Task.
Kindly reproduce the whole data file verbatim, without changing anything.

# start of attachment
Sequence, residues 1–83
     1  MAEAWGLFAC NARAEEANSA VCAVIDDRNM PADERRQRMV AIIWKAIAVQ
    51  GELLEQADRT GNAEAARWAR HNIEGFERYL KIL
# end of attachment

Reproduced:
Sequence, residues 1–83
     1  MAEAWGLFAC NARAEEANSA VCAVIDDRNM PADERRQRMV AIIWKAIAVQ
    51  GELLEQADRT GNAEAARWAR HNIEGFERYL KIL